Many questions about recycling depend less on the product you want to recycle and more on the place that you live.
This is true of milk cartons.
They are fairly easy to recycle but it may be hard to get them recycled where you live.
Only 62% of the USA currently has access to local milk carton recycling.
The Different Types Of Milk Cartons
Are milk cartons recyclable?
Yes. There are two main types of milk carton and they are both capable of undergoing a recycling process.
- Gable Top Cartons
These food and beverage cartons are the kinds of storage containers that you find in refrigerated sections of the store. Refrigerated cartons tend to have a fairly limited use-by date for the contents. These tend to be made mainly of paper but also contain a bit of plastic (on the inside and outside) to prevent the fluid from soaking through the paper.
- Aseptic Cartons
These are the sort of shelf-stable cartons that you find on the supermarket shelf with, usually, a longer shelf life. They can take many forms such as glass containers, ice cream containers, etc. as well as standard milk packaging. However, mainly they are a paper, plastic, and aluminum mix.
The Pros And Cons Of Milk Cartons For The Environment
Because they are mainly paper products with just a little extra material – milk packaging tends to be very lightweight.
This keeps transport costs down and as we all know, that also reduces the amount of carbon emissions produced when transporting the products.
Aseptic containers also cut down on the need for a refrigerated section in the transport vehicle and thus they conserve more energy.
However, on the downside of things recycling cartons isn’t always possible and if there’s no curbside recycling, in particular, that takes the cartons to a materials recovery facility? Then just like plastic bags and other environmentally damaging materials – they can end up in landfills rather than recycling centers and that’s definitely not good for our environment.
How Do We Recycle Milk Cartons?
There is a Carton Council which is a carton industry body and the Carton Council says that there are two main methods of recycling:
- The first method, according to the Carton Council, has all the cartons packed up together and transported to a paper mill. They use something called a Hydrapulper to separate the paper from the other materials. The paper pulp can be made into other paper products and the other materials (plastic and aluminum) are put to use in other industrial processes too.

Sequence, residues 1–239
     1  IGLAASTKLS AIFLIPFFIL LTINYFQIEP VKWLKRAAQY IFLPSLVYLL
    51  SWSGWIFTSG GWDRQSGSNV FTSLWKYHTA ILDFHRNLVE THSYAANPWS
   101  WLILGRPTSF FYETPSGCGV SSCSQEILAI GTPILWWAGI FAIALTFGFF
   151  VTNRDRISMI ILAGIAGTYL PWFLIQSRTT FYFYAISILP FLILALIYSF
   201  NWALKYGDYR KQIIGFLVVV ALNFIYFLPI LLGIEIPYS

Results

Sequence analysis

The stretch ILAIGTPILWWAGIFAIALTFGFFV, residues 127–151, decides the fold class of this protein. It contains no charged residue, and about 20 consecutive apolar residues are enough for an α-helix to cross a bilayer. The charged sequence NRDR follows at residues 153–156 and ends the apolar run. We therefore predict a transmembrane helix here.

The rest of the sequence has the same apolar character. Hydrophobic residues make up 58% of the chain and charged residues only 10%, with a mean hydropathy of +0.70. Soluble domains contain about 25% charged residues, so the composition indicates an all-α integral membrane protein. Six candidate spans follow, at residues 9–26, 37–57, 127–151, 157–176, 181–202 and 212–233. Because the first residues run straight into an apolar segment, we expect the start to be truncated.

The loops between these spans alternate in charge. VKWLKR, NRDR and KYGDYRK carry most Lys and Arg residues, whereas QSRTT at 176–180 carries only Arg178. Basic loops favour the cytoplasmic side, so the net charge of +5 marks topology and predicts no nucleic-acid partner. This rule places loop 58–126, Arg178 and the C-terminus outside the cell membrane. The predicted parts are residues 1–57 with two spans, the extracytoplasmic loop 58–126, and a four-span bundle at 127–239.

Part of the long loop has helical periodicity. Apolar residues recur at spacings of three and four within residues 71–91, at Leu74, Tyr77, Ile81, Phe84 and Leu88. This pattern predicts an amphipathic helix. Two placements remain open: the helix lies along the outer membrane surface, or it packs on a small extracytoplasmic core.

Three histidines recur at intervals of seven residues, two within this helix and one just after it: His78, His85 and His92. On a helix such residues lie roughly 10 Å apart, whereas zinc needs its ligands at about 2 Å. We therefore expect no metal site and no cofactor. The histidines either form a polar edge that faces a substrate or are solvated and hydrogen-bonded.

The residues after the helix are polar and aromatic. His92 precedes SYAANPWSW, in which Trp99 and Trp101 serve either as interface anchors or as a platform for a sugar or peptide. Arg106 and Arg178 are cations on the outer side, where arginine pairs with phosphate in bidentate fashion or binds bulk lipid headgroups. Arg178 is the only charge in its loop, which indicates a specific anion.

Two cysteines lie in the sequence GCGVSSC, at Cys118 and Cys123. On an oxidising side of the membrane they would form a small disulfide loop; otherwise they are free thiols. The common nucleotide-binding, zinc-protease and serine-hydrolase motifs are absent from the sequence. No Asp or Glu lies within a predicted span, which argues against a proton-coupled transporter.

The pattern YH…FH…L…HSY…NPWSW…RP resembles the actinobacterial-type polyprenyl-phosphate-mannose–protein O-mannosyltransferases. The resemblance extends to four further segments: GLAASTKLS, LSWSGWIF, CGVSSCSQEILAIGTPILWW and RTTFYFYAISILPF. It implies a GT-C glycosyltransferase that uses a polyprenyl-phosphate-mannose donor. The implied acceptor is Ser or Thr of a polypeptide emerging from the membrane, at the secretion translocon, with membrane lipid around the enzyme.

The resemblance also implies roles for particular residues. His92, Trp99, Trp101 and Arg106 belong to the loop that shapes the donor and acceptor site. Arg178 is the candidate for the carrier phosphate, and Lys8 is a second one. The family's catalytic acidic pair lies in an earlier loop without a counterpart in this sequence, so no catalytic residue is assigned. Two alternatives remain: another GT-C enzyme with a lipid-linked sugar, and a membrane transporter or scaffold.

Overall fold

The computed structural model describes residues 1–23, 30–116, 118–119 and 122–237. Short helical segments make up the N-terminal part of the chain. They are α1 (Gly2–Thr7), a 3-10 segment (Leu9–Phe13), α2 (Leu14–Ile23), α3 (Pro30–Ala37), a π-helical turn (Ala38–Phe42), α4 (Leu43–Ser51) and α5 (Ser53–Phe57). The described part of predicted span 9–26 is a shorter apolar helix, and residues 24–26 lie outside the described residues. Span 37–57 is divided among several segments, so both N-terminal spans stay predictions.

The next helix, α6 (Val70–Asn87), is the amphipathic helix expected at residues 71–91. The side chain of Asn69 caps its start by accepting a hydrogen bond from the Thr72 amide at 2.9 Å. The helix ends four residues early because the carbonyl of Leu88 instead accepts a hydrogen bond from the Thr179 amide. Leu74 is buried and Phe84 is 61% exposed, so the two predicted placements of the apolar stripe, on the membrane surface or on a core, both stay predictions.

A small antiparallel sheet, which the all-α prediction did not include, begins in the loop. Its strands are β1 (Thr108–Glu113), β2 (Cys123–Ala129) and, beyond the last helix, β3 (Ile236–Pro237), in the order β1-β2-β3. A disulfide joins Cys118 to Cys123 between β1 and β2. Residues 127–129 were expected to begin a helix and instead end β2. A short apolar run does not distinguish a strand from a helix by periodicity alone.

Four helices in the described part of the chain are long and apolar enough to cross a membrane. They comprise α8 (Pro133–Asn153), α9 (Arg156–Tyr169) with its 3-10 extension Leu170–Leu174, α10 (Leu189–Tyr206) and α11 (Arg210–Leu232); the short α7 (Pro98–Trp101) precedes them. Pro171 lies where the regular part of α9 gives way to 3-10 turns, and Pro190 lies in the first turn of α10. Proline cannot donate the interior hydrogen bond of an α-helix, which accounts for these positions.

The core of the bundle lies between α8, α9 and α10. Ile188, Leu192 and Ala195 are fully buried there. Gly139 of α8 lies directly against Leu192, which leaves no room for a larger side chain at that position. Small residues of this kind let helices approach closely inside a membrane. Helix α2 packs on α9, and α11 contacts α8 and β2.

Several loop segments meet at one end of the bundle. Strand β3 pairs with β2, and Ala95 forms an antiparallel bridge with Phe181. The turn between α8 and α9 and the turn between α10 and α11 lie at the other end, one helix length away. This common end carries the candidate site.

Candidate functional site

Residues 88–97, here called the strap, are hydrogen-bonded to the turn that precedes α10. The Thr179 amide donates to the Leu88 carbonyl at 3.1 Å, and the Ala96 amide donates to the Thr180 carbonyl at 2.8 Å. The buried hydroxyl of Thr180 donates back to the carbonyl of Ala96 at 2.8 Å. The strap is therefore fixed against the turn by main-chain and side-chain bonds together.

- The second method is to shred the cartons at a recycling facility that specializes in building materials. They then press this shredded material into sheets of construction board. They say it takes about 400 cartons in a thin layer to make a 4′ x 8′ board!
How To Make Sure My Milk Cartons Are Recycled? What If There’s No Recycling Bin?
The best way to ensure your cartons are sent to be recycled in paper mills or building materials manufacturing facilities is to use your accepted curbside collection.
Curbside programs may have specific rules for how you put the cartons in the bins but most curbside programs can easily handle these cartons.
If you don’t have such a facility? You can dry out the cartons, crush them and mail them to a facility (listed below), you will need to pay the postage though.
- GFL, 645 West 53rd Place, Denver, Colorado 80216
- Firstar Fiber, 10330 “I” Street, Suite 100, Omaha, Nebraska 68127
- Tidewater Fiber, 1958 Diamond Hill Road, Chesapeake, Virginia 23324
How To Reuse Milk Cartons?
We also have some more ideas that can help you reuse your cartons rather than posting them off.
They’re great as plant feeders due to their water resistance (and they can be wax coated if you want to give them a little extra resistance), they are fine as storage containers too and they can be cut up and used in craft projects.
That saves on postage and is even kinder to the environment as reusing is almost always better for the planet than recycling is.
Final Thoughts On Recycling Milk Cartons
Are milk cartons recyclable?
Yes, yes they are.
However, if you want to recycle cartons, you need carton recycling facilities nearby. You can mail paper cartons to other parts of the country where they have such recycling technology but it might be best to learn to reuse them rather than go through that process.
However, for two-thirds of the country, you can get a carton to a recycling facility by simply using the local curbside program and dropping it in the curbside bin. It doesn’t get much easier than that, right?